Not All Rate Cuts Are Created Equal

Thursday, March 22, 2007 | 06:53 AM

Yesterday, the FOMC statement dropped the phrase from the January statement: "the extent and timing of any additional firming that may be needed..."

While many people interpreted this as a shift towards a Neutral Bias, it was more of a half step. Call it "pre-shift language."

As we noted, this change reflects an acknowledgement that the economy is slowing and inflation remains elevated. Looking at the past few months data, it is fairly obvious as to why they made the change: The Economy is visibly cooling. We have seen an increased risk of a sharp economic slowdown, if not a hard landing. As Federal Express made clear, peak cycle earnings are now at risk as activity slows. At the same time, Inflation has not moderated.

There are only two reasons for the FOMC to shift to neutral and prep for rate cuts -- one good, one bad. Yesterday was the bad reason.

Its not that the Fed is suddenly less hawkish because inflation threats have suddenly disappeared. Indeed, the Fed specifically noted that "Recent readings on core inflation have been somewhat elevated." In other words, this shift in posture (if not quite bias) was not motivated by the vanquishing of inflation, it was due to threat of recession.

Dow_fed Traders rallied the Market on the news. They tend to shoot first and ask questions later. I suspect the subtleties  of whether this was a good or a bad reason for a future rate cut may have been lost on them. We don't like to argue with traders, as their attention spans are notoriously short (I say that as someone who began his Wall Street career on a trading desk).

Traders have a tendency to create self-fulfilling prophesies. Yesterday's balance of volume was 90/10, meaning the up/down volume was 9 to 1 to the positive side. This was the 2nd such 90/10 day this month. The last time we saw two 90/10 days w/i a month was back in June of 2006. Buyers then were amply rewarded, as markets tagged on about 20%.

However, there is a significant difference between then and now -- The February 27 whackage was a 90/10 DOWN day. That makes the parallel to June 2006 less than perfect.


For more on the significance on 90/10 days, see our two part discussion with Lowry's Paul Desmond for details.


UPDATE: March 22, 2007 8:06am

Mark Hulbert goes over the bullish implications of a 90/10 day here: Nine to one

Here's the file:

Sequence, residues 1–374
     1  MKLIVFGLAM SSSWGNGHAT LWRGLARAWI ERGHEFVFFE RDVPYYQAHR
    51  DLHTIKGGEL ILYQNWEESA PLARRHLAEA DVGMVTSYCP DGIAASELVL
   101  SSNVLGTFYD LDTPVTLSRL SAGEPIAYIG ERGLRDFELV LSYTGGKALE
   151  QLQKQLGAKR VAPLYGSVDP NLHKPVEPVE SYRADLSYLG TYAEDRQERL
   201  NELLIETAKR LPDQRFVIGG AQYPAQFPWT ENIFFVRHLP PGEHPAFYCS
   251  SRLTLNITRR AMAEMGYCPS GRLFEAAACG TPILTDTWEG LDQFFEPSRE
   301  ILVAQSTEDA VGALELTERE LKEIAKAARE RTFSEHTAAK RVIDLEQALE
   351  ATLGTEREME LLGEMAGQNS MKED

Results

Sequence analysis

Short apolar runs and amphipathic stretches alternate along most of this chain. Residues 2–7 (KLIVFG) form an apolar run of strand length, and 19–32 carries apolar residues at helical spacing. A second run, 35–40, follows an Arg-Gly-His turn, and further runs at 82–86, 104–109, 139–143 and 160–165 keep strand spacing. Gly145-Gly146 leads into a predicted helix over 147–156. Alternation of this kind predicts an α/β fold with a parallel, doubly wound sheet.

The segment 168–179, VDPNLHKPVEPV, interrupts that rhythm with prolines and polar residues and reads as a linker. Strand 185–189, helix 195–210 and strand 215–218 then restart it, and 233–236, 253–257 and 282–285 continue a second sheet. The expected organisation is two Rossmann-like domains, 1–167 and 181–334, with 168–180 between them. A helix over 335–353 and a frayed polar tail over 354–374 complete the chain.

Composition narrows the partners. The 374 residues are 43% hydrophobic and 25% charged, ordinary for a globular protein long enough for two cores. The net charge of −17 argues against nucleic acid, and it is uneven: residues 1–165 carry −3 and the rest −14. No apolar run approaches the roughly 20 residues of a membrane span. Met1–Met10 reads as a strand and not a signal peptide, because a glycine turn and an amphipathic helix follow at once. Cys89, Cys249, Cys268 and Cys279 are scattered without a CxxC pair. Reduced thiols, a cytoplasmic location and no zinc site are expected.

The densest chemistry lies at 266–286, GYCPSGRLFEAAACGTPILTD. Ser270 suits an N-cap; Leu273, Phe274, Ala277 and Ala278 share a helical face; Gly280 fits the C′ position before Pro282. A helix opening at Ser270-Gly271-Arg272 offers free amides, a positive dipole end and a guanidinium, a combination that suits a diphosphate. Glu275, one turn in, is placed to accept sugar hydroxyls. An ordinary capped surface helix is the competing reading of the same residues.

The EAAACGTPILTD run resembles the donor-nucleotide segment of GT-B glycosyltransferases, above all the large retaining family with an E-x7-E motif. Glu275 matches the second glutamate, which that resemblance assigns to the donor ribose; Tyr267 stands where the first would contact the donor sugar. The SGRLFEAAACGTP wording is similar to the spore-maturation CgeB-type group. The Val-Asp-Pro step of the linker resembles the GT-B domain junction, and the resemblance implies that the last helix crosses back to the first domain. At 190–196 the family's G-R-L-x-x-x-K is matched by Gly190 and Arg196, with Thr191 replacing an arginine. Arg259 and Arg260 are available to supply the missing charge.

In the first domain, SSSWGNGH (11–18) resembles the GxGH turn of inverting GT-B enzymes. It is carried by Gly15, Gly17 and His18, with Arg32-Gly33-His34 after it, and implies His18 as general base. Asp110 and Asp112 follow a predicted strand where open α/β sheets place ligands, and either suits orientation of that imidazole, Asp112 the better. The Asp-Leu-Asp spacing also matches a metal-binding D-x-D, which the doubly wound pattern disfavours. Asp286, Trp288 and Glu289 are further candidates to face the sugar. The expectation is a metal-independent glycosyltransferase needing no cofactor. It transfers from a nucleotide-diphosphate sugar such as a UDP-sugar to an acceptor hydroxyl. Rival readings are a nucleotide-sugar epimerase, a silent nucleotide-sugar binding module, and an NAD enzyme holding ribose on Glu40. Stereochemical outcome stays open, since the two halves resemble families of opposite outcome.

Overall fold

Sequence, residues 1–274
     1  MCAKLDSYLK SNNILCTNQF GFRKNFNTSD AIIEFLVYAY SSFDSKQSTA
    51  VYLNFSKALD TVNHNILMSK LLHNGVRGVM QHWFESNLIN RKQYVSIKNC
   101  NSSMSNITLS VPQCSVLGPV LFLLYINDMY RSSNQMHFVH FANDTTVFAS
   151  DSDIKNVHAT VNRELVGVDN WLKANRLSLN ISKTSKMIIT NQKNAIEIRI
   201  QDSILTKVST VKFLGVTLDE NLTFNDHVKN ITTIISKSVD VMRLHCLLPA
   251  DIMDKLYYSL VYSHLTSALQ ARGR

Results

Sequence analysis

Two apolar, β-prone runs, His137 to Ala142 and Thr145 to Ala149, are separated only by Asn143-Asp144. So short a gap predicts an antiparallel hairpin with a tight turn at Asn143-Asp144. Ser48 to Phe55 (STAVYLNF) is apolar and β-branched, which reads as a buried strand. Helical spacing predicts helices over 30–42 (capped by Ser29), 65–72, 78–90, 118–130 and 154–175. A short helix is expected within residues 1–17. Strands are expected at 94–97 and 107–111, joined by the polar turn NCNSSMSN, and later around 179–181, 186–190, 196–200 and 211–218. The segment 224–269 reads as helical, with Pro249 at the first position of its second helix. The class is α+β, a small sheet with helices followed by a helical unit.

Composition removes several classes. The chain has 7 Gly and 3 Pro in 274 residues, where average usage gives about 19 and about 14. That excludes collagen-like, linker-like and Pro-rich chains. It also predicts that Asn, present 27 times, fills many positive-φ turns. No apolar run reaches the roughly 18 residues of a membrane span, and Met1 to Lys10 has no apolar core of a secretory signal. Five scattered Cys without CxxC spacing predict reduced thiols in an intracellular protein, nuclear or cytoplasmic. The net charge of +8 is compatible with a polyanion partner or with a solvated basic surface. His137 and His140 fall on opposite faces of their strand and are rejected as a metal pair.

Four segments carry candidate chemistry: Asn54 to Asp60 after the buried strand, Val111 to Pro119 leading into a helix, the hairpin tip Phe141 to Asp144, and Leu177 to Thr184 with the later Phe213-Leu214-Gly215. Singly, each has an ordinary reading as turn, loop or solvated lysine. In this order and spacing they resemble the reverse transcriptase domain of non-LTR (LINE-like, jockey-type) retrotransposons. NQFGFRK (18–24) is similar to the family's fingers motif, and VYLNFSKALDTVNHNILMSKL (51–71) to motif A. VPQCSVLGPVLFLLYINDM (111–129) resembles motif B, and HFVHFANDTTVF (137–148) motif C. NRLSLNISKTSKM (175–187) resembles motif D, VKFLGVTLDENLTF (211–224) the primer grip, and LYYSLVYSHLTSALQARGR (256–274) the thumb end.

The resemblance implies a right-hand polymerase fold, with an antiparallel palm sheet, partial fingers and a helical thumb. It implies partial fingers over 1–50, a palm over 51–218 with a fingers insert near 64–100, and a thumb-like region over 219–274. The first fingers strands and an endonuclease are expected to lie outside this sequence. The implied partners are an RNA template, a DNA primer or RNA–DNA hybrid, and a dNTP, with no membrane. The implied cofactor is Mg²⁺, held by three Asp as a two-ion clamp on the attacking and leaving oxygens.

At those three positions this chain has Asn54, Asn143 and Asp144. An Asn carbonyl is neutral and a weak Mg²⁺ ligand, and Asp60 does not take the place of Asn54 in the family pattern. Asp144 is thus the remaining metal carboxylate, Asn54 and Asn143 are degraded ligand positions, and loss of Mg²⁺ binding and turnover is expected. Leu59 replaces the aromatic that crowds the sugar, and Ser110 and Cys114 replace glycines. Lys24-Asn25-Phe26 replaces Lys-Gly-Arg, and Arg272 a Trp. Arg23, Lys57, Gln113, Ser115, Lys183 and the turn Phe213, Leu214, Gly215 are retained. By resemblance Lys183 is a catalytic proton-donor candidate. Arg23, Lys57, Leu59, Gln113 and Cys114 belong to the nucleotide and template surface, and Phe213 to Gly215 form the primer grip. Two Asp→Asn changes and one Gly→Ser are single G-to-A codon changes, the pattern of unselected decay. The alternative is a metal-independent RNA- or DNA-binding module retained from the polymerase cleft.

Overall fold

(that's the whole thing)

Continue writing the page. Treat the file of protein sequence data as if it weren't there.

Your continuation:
In addition to pointing out the significance of having two 90/10 days in close proximity, he also mentions a notable failure: March 16, 2000

"This second 9-to-1 up day adds greatly to the bullish significance of the first, according to Zweig. That's because a single 9-to-1 up day, by itself, has not always been a bullish event. Perhaps its biggest false signal came on March 16, 2000, at more or less the exact top of the market before the Internet bubble burst."

According to Martin Zweig, the originator of the 90/10 day analysis, a "9-to-1 down day in the proximity of two 9-to-1 up days implies "not as much [upward] thrust" as do two 9-to-1 up days that are unaccompanied by a 9-to-1 down day."

As we noted above, that is the primary difference between this set of 90/10 days and the ones experienced in June . . .


Nine to one: A rare and bullish technical event occurred Wednesday
Mark Hulbert
MarketWatch, 5:43 PM ET Mar 21, 2007

Thursday, March 22, 2007 | 06:53 AM | Permalink | Comments (27) | TrackBack (0) add to | digg digg this! | technorati add to technorati | email email this post



TrackBack URL for this entry:

Listed below are links to weblogs that reference Not All Rate Cuts Are Created Equal:


European and Asian markets are following the US rally on the shocking revelation that the Fed won't likely raise interest rates again.

By the June meeting, rate cut odds right now are at 38% up from 26% yesterday prior to the FOMC statement and down from 42% as of the close.

Bonds have been pricing in a rate cut by yr end for a while and has priced in almost 2 for the past month. With inflation trends still remaining elevated, the Fed will be reluctant to cut so soon BUT we all know when push comes to shove, saving the economy with rate cuts is going to be their move. We then have to ask, with long term interest rates at historically low levels and a consumer already highly leveraged, will lower short term rates help?

Posted by: Peter | Mar 22, 2007 7:54:30 AM

The comments to this entry are closed.

Recent Posts

December 2008
Sun Mon Tue Wed Thu Fri Sat
  1 2 3 4 5 6
7 8 9 10 11 12 13
14 15 16 17 18 19 20
21 22 23 24 25 26 27
28 29 30 31      


Complete Archives List



Category Cloud

On the Nightstand

On the Nightstand

 Subscribe in a reader

Get The Big Picture!
Enter your email address:

Read our privacy policy

Essays & Effluvia

The Apprenticed Investor

Apprenticed Investor

About Me

About Me
email me

Favorite Posts

Tools and Feeds

AddThis Social Bookmark Button

Add to Google Reader or Homepage

Subscribe to The Big Picture

Powered by FeedBurner

Add to Technorati Favorites


My Wishlist

Worth Perusing

Worth Perusing

mp3s Spinning

MP3s Spinning

My Photo



Odds & Ends

Site by Moxie Design Studios™